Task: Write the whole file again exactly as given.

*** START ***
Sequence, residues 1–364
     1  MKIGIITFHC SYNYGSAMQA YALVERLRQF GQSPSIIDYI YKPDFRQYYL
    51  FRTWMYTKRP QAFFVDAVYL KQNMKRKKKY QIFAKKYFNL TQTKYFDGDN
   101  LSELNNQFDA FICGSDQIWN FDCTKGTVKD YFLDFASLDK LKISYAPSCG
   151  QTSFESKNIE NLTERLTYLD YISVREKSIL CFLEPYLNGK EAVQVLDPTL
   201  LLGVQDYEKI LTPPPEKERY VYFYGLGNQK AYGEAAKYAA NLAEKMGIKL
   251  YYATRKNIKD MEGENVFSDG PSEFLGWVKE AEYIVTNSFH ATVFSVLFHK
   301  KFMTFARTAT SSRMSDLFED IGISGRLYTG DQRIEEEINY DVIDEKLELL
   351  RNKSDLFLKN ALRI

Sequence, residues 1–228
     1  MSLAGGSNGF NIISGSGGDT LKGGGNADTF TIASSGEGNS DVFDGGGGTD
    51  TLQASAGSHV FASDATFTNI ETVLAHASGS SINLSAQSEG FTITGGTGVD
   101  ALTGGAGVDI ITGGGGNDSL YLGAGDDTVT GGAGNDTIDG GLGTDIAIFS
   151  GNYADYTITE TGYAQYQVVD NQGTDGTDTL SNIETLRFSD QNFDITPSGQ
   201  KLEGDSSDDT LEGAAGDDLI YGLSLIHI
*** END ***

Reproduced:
Sequence, residues 1–364
     1  MKIGIITFHC SYNYGSAMQA YALVERLRQF GQSPSIIDYI YKPDFRQYYL
    51  FRTWMYTKRP QAFFVDAVYL KQNMKRKKKY QIFAKKYFNL TQTKYFDGDN
   101  LSELNNQFDA FICGSDQIWN FDCTKGTVKD YFLDFASLDK LKISYAPSCG
   151  QTSFESKNIE NLTERLTYLD YISVREKSIL CFLEPYLNGK EAVQVLDPTL
   201  LLGVQDYEKI LTPPPEKERY VYFYGLGNQK AYGEAAKYAA NLAEKMGIKL
   251  YYATRKNIKD MEGENVFSDG PSEFLGWVKE AEYIVTNSFH ATVFSVLFHK
   301  KFMTFARTAT SSRMSDLFED IGISGRLYTG DQRIEEEINY DVIDEKLELL
   351  RNKSDLFLKN ALRI

Sequence, residues 1–228
     1  MSLAGGSNGF NIISGSGGDT LKGGGNADTF TIASSGEGNS DVFDGGGGTD
    51  TLQASAGSHV FASDATFTNI ETVLAHASGS SINLSAQSEG FTITGGTGVD
   101  ALTGGAGVDI ITGGGGNDSL YLGAGDDTVT GGAGNDTIDG GLGTDIAIFS
   151  GNYADYTITE TGYAQYQVVD NQGTDGTDTL SNIETLRFSD QNFDITPSGQ
   201  KLEGDSSDDT LEGAAGDDLI YGLSLIHI